On the eve of President Obama's historic trip to Alaska last year, candidate Donald Trump blasted one high-altitude administration action.
If elected, Trump declared on Twitter, he would restore the McKinley name to North America's tallest peak, reversing the Obama administration's decision to formally embrace the Alaska Native and Alaska-preferred name, Denali.
"President Obama wants to change the name of Mt. McKinley to Denali after more than 100 years. Great insult to Ohio. I will change back!" read the tweet, issued from the account of the real estate mogul.
But does President-elect Trump still intend to follow through on that name change to Denali, which was popular in Alaska but opposed in the battleground state of Ohio, the home state of former President William McKinley?
Trump campaign spokeswoman Hope Hicks did not return an email query for a comment. But former Gov. Sarah Palin, an early Trump supporter and now considered a leading contender for a high-level appointment in the new administration, suggested last year that the McKinley name should stay in place for the mountain.
The official Denali designation was made in an August 2015 order issued by Interior Secretary Sally Jewell, who likely will be gone from the job by the time Trump is sworn in on Jan. 20. The U.S. Geological Survey's Board of Geographic Names had failed to make the change on its own.
Efforts from Alaska officials to get the federal government to use the Denali name — officially recognized by the state since the 1970s — had languished at the Board of Geographic names because of opposition from Ohio's congressional delegation. Once Jewell issued her order, the board made the change.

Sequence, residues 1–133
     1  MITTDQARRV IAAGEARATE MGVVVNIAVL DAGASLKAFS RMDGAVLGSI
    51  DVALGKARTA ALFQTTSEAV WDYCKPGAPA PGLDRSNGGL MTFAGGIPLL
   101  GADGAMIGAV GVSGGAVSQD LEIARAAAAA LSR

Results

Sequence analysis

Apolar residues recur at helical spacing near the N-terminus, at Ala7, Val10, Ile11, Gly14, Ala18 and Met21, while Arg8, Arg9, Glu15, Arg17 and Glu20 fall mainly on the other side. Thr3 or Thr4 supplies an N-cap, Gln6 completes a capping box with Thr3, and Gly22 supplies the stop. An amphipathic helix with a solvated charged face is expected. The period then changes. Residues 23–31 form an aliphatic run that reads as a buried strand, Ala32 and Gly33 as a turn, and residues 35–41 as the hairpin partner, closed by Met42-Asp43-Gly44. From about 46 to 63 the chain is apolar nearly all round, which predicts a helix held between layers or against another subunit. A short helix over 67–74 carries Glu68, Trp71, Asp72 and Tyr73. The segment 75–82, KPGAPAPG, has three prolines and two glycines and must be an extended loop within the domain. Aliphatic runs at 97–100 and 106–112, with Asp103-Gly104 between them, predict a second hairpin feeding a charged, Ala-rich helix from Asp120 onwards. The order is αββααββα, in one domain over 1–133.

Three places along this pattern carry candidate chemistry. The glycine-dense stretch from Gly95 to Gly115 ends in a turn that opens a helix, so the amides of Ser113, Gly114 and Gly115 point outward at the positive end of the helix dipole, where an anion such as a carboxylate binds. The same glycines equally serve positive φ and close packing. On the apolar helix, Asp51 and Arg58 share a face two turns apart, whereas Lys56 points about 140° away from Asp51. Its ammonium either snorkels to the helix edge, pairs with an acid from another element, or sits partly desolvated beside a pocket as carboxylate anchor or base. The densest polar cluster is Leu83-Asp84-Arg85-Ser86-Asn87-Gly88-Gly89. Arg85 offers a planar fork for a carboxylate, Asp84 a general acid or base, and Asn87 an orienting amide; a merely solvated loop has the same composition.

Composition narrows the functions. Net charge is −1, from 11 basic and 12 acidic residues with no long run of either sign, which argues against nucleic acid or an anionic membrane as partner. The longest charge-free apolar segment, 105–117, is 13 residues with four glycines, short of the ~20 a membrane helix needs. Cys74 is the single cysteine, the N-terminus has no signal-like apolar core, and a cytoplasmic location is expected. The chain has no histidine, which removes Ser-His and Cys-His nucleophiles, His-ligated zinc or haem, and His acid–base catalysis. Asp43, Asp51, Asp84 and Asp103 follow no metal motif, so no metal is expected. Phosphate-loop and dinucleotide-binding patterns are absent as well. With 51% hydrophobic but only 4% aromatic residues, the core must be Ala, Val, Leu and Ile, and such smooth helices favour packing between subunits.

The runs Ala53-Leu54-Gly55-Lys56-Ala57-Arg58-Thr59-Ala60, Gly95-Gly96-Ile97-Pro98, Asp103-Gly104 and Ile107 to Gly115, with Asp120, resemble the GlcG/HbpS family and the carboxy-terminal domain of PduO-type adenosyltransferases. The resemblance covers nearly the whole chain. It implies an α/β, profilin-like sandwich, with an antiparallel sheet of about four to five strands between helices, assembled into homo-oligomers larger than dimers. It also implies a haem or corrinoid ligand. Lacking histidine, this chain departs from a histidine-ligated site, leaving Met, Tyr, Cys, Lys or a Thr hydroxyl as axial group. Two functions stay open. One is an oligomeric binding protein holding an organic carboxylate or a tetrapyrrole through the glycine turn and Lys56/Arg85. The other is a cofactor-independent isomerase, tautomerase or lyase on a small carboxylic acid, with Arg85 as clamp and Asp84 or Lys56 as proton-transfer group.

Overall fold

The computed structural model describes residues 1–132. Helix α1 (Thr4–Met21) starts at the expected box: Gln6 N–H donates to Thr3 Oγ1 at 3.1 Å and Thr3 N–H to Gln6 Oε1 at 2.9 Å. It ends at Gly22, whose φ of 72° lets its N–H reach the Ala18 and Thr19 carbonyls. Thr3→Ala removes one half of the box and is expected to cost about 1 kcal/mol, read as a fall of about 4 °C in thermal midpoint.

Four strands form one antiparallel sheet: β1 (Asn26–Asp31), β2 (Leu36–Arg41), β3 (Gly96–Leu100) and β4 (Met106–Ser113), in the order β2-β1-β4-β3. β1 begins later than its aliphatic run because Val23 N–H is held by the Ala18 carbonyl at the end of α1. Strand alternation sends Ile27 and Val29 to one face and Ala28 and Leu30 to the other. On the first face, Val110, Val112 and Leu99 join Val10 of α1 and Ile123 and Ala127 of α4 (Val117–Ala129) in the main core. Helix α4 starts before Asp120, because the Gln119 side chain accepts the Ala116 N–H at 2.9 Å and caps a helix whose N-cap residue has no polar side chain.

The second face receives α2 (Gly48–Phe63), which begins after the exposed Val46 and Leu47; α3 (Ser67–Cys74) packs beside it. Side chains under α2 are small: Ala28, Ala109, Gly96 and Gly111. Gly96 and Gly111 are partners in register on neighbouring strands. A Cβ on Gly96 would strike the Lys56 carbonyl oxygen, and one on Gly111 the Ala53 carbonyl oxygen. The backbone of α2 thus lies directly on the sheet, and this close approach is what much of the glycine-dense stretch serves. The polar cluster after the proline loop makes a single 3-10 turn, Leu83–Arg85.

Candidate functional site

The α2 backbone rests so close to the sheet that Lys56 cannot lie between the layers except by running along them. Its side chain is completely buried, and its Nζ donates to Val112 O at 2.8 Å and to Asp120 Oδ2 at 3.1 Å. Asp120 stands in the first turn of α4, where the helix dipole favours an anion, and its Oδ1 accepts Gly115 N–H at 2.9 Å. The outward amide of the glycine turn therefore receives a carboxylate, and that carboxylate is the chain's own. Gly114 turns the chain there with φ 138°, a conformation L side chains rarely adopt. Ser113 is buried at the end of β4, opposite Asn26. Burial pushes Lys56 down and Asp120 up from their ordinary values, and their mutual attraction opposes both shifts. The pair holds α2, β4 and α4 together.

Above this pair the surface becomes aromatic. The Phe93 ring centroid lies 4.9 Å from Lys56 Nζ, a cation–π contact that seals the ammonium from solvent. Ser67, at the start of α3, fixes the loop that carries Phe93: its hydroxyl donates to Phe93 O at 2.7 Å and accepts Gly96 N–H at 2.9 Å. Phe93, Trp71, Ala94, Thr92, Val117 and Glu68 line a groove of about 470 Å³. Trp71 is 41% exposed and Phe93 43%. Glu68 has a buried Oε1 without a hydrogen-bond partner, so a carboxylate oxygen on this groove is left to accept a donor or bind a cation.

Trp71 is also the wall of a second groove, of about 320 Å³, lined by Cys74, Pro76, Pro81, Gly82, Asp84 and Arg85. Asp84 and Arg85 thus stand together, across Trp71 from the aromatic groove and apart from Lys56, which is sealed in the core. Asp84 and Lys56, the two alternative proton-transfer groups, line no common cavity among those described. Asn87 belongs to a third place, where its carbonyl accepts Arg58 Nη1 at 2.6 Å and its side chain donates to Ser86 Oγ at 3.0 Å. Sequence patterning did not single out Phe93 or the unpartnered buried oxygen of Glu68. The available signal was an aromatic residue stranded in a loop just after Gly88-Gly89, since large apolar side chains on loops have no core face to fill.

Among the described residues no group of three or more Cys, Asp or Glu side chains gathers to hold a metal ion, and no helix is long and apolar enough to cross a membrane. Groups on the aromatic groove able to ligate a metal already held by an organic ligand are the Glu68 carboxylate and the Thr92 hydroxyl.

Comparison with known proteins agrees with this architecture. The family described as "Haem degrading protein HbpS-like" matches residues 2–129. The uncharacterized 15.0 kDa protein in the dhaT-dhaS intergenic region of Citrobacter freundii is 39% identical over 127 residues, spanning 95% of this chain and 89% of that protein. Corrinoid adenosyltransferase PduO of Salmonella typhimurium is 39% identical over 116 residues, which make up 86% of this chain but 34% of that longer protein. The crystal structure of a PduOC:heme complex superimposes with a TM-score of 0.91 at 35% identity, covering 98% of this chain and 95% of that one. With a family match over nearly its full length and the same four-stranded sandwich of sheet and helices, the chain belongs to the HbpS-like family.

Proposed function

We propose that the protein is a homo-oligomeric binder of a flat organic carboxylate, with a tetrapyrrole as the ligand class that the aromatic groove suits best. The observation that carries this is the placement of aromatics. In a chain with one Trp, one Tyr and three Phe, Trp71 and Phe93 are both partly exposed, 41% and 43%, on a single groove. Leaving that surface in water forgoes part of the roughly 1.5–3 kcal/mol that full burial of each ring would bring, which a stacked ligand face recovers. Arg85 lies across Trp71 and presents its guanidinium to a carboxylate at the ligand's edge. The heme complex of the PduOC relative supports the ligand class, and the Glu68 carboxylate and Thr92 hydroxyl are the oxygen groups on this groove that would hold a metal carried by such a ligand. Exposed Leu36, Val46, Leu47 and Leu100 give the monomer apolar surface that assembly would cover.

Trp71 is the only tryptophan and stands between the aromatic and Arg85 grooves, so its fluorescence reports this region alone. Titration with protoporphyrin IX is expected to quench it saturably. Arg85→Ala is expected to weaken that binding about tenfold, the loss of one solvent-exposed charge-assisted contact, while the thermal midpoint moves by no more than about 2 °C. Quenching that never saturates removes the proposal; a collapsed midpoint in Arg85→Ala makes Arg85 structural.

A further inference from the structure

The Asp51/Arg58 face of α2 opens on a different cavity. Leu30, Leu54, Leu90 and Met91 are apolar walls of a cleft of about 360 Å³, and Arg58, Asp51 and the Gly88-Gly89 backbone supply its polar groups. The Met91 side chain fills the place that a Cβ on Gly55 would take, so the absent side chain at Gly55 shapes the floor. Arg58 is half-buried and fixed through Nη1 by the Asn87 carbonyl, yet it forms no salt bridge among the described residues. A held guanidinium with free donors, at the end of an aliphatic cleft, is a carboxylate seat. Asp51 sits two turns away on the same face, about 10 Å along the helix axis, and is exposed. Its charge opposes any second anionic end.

So far, there does not appear to be any formal effort to reverse the mountain's name change, National Park Service spokesman John Quinley said.
"As far as I know, there is no proposal to change the name again in the office of Board of Geographic Names," he said.
The official federal embrace of the Denali name for the mountain resulted in "relatively small" expenses that are hard to quantify, Quinley said.
Mostly, the tasks involved online updates, he said. "We went through the Denali website and made the changes," he said. Brochures and newsletters — already printed at least annually — were edited to include the change in their new editions, he said. There were some wayside posters that were also replaced with edited versions including the Denali name, though those posters are also updated and replaced periodically, he said.
If costs were small to update information with the Denali name, "presumably they would be similar going back the other way," he said.